Thursday, July 27, 2017

Batman/The Shadow #4 Review and Spoilers

Tell It To My Heart

Written by: Scott Snyder and Steve Orlando
Script by: Steve Orlando
Art by: Riley Rossmo
Colours by: Ivan Plascencia
Letters by: Clem Robins
Price: $3.99

Well, we’re half way through this pairing of two of popular fiction’s most famous vigilantes (or a quarter of the way through considering the recent announcement of this series’ follow-up mini) and things are heating up nicely. Last issue saw a couple of significant revelations about the nature of The Shadow’s relationship with Batman, and it also left Batman tied up in an underground cavern surrounded by a gathering of his most vicious enemies. (Well, most of them. Where’s Kite Man?) This means we’re probably due a huge fight in this issue, doesn’t it?

Yes. Yes, it does.

In some respects, this issue is very easy to review, because virtually its entire length is devoted to The Shadow rescuing Batman and, with the caped crusader, fighting the assembled villains in the cavern in which, we find out, Doctor Gotham’s tomb is located. This last point is another nice little touch from Snyder/Orlando, who are determined to root this tale in established Batman lore and do so in some very interesting ways. It’s a shame, then, that their use of established Batman villains here falls a little flat.

Now, a super-villain team-up undoubtedly poses some challenges for a writer, a full-on free for all like the one we get in this issue even more so. Part of the problem is that the writer is implicitly expecting the reader to suspend his disbelief that a number of villains, who individually are challenging enough to give the hero one or two regular issues of trouble, are still manageable for the hero, albeit, as here, with some help. Another issue is that of characterisation and threat. In this issue, there is more focus on Kai/Hellhound than there is on Scarecrow or The Riddler, both of whom are not only noticeably underpowered (Scarecrow never deploys his fear toxin, for example) but also curiously silent. It's tempting to suggest that their presence is entirely tokenistic, a visual ramping up of the level of threat Batman is facing that the creators can't really be bothered to develop properly. I’ve said elsewhere that with crossovers the reader just has to ‘go with it’ as far as continuity is concerned, but there are limits and seeing Batman menaced by Penguin and Magpie (they’re both birds, geddit?) wielding knives might be one of them.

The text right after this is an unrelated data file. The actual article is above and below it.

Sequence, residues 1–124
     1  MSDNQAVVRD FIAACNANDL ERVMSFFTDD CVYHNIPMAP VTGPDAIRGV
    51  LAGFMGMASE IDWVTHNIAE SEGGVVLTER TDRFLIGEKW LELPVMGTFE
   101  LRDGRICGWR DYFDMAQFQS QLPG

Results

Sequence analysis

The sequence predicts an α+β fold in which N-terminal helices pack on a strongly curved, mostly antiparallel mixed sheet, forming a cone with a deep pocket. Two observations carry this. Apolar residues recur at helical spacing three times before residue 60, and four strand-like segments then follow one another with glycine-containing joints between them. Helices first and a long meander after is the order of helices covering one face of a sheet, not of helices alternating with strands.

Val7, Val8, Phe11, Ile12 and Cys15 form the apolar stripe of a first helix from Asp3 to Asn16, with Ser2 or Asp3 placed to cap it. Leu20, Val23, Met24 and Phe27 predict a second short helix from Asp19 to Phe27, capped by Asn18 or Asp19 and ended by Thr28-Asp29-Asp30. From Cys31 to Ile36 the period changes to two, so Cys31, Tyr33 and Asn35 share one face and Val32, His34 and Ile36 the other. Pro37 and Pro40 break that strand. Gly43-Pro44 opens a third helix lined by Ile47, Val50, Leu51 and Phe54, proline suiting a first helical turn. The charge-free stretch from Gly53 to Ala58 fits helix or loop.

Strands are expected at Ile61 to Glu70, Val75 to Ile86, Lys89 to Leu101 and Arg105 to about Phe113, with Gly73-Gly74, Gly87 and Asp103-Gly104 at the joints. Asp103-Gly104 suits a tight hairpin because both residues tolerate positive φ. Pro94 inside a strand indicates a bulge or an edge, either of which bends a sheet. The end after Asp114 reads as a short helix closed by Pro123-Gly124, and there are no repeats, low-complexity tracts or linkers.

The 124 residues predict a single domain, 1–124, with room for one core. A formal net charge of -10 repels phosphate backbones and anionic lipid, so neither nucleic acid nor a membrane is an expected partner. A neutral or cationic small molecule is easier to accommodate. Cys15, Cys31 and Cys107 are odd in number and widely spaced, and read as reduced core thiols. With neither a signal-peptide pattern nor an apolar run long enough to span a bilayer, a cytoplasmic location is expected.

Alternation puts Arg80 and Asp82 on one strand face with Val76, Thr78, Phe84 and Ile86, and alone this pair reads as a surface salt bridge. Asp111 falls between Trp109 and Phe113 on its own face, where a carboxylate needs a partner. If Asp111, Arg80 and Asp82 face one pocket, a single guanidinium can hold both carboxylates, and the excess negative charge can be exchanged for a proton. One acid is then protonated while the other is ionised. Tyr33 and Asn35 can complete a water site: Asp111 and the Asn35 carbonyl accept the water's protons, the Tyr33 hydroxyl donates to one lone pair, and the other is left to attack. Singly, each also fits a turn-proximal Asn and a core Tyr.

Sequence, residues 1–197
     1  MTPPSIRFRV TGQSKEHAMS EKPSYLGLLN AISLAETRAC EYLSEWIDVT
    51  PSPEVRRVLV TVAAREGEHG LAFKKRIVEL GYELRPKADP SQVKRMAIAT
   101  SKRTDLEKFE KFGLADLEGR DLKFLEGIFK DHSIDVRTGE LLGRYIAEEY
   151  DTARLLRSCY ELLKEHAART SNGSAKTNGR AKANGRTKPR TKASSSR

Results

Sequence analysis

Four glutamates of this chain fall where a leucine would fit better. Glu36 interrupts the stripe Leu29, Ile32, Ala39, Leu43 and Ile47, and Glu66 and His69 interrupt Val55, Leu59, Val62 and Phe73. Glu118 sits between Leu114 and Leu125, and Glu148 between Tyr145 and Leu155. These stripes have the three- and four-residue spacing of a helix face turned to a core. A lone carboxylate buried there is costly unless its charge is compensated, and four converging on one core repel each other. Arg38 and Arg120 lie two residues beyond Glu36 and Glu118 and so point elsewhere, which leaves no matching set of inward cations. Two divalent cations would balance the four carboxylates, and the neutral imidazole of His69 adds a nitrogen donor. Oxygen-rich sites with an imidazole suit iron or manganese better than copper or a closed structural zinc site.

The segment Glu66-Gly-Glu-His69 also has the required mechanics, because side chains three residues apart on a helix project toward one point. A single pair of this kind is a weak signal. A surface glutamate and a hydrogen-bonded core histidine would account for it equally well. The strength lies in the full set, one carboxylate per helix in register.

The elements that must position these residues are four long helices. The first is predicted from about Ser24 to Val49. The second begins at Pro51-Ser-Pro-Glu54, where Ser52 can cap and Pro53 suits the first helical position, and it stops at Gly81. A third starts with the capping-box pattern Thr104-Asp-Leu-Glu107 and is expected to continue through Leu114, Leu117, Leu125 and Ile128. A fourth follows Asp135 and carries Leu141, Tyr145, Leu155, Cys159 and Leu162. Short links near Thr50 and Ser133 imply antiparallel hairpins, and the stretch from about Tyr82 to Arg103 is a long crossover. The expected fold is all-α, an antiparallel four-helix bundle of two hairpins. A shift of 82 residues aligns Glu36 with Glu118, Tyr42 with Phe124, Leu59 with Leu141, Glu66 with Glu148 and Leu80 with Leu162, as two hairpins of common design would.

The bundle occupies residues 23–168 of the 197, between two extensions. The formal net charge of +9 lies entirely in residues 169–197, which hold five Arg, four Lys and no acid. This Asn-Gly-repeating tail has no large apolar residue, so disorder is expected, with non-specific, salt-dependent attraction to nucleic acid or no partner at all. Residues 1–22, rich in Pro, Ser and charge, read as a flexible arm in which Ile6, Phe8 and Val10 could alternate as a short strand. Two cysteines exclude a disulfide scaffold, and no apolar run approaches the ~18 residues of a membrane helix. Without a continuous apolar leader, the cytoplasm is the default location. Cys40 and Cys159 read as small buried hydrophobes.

The problems with the cornucopia of villains notwithstanding, there are some interesting things going on here. The fight has a moral as well as physical dimension. Batman will not kill but The Shadow will and it’s actually quite hard not to agree with the latter when he says “We’d be facing two instead of twenty if not for your childish rules.” This division between the two vigilantes’ moral views is taken to extreme lengths when The Shadow attempts to shoot the Joker and Batman flings himself in between them, a move that results in the Joker only suffering a flesh wound. Proving the old adage that no good deed goes unpunished, this leaves the way open for The Stag to stab Batman in the chest and then, a wounded Joker in tow, to make good his escape.

The fight is entertaining enough and there are plenty of ‘cool’ moments and, refreshingly, engaging lines of dialogue to keep the reader involved. That The Shadow is by far the better written of the two main characters is perhaps a little disappointing, but there’s enough action and fun here to enjoy all the same. The moment when an unseen Shadow carries on the Joker’s laughter is a very nice bit of suspense-building, for example, as is Alfred ringing Jim Gordon to ask for help. The Shadow’s “Yet you bring me such gifts” might be the line of the issue and Rossmo’s art is, for the most part, very effective here.

That’s not to say that the issue doesn’t have its problems. The ending is a little anti-climactic, but, with not one but two, issues to go, that’s perhaps to be expected. The mythology of how the Stag gets to Shamba-La is also a little wonky. Does Batman need to be dead? Or will just his blood suffice? Hmmm…  Oh, and why is Clayface part of the group of villains when he’s been working with Batman in Detective Comics for quite a while now? Double hmmm… These issues are niggling but…

Bits and Pieces:

The story is well-paced, well-drawn and, on the whole, well-written. Four issues in, the creative team finally deliver on the implicit promise of the series’ title and show us Batman and The Shadow in tandem and the subsequent fight, although not quite an unqualified success, doesn’t disappoint. Several questions remain unanswered, which, after four issues, is as it should be. At the heart of the story, however, is an examination of who Batman is, what his values are and what the potential cost of those values might be. This series remains both intriguing and entertaining and there are far worse ways a comic fan might spend four bucks.


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